Castillo starts strong opposite Scherzer
But young right-hander runs into trouble with two outs
CINCINNATI -- For his fifth big league start on Saturday, Reds rookie Luis Castillo was opposing one of the game's best pitchers in Nationals ace Max Scherzer. Yet it was Castillo who didn't allow any hits for the first three innings.
Castillo wasn't able to sustain that success in the fourth inning, the only inning where he was touched up in a 10-7 Reds loss. In six innings, the 24-year-old prospect allowed three earned runs and three hits with four walks and six strikeouts while doing nothing to lower manager Bryan Price's optimism about his pitching future.
"Tough loss for him, to go six innings of three-run ball, but another step in the right direction with this kid," Price said. "I think we're all excited every time he takes the mound right now."
Castillo is 1-2 with a 3.41 ERA in 29 innings with 25 hits, 14 walks and 36 strikeouts. Once again according to Statcast™, his velocity was perky as he averaged 97.9 mph with his four-seam fastball. He struck out Bryce Harper to end the first inning with 98-mph heat.
"Today I was attacking the zone," Castillo said via translator Julio Morillo. "I was trying to get ahead of the count. I just need to practice with my breaking-ball pitches and being more consistent with those pitches. I felt really good today."
One area where Castillo didn't fare well was with two outs. Of his seven batters to reach safely, six had two outs. Harper's fourth-inning, one-out single -- Washington's first hit of the game -- was the exception but it opened the door to trouble.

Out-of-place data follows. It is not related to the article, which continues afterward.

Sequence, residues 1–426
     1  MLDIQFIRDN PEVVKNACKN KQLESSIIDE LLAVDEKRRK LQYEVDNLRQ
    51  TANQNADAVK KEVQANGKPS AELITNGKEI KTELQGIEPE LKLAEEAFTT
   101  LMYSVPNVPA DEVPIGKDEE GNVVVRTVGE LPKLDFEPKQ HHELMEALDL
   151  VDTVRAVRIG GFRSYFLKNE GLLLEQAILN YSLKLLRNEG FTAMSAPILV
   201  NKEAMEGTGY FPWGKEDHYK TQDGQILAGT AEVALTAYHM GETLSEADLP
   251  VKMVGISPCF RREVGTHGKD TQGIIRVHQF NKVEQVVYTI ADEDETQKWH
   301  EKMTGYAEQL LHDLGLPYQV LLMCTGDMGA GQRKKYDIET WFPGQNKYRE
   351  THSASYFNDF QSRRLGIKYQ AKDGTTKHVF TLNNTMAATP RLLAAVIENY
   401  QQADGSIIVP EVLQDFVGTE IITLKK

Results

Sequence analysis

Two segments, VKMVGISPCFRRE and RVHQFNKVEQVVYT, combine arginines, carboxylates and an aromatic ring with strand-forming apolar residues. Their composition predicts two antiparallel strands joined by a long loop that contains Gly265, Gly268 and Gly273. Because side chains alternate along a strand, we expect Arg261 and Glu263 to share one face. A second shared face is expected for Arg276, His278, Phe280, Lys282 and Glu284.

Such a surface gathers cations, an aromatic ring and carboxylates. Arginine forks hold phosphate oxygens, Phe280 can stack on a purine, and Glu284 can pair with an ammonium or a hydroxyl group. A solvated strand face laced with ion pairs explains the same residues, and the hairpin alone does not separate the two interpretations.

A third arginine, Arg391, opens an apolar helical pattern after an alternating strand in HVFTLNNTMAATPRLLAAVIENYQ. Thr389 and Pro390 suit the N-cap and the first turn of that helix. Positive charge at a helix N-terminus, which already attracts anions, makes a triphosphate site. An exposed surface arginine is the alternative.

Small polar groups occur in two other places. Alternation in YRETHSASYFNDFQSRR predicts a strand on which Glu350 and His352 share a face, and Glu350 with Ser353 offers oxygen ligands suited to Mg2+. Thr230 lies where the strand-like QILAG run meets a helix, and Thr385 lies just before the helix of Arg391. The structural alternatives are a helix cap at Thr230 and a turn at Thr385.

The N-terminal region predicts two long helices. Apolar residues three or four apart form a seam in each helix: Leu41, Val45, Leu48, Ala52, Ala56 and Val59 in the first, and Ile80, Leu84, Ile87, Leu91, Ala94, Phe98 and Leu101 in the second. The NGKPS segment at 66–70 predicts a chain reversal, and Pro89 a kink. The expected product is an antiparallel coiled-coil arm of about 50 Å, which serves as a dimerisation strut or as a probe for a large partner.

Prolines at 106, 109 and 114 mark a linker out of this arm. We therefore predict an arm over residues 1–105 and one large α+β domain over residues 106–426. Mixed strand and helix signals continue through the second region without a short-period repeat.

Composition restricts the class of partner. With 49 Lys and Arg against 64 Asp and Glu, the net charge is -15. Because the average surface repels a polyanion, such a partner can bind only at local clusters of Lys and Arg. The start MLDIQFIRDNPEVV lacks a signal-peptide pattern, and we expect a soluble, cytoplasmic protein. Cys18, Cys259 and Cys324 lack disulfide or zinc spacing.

"Sometimes when you have two quick outs, you think the job is done and the game goes faster," Castillo said. "After that, you need to pick your tempo up. You have to make your pitches to make the outs."
Daniel Murphy drove a first-pitch fastball to the wall in left-center field for a RBI double. The next batter, Anthony Rendon, was in a 3-0 count before Castillo battled back to 3-2 with two fastballs for strikes.
Castillo attempted to get a third-straight fastball past Rendon, who attacked it for a home run to left field and a 3-0 Nationals lead. Against Scherzer, that makes it tougher to come back.
"I wanted to just challenge him," Castillo said. "I didn't want to walk him. A 3-0 count, everything that you throw had to be in the zone. I made a mistake, and he's a really good hitter. You can't make a mistake with him."
Price would have liked to have seen better pitch selection in that situation.
"One of the things he had done earlier in the game is he had been able to lock up a couple hitters on 3-2 breaking balls," Price said. "That's not to second-guess, because that's exactly what it sounds like, but I think he had done that to the point where they had to respect the breaking ball on 3-2. But Rendon was right on the heater and didn't miss it."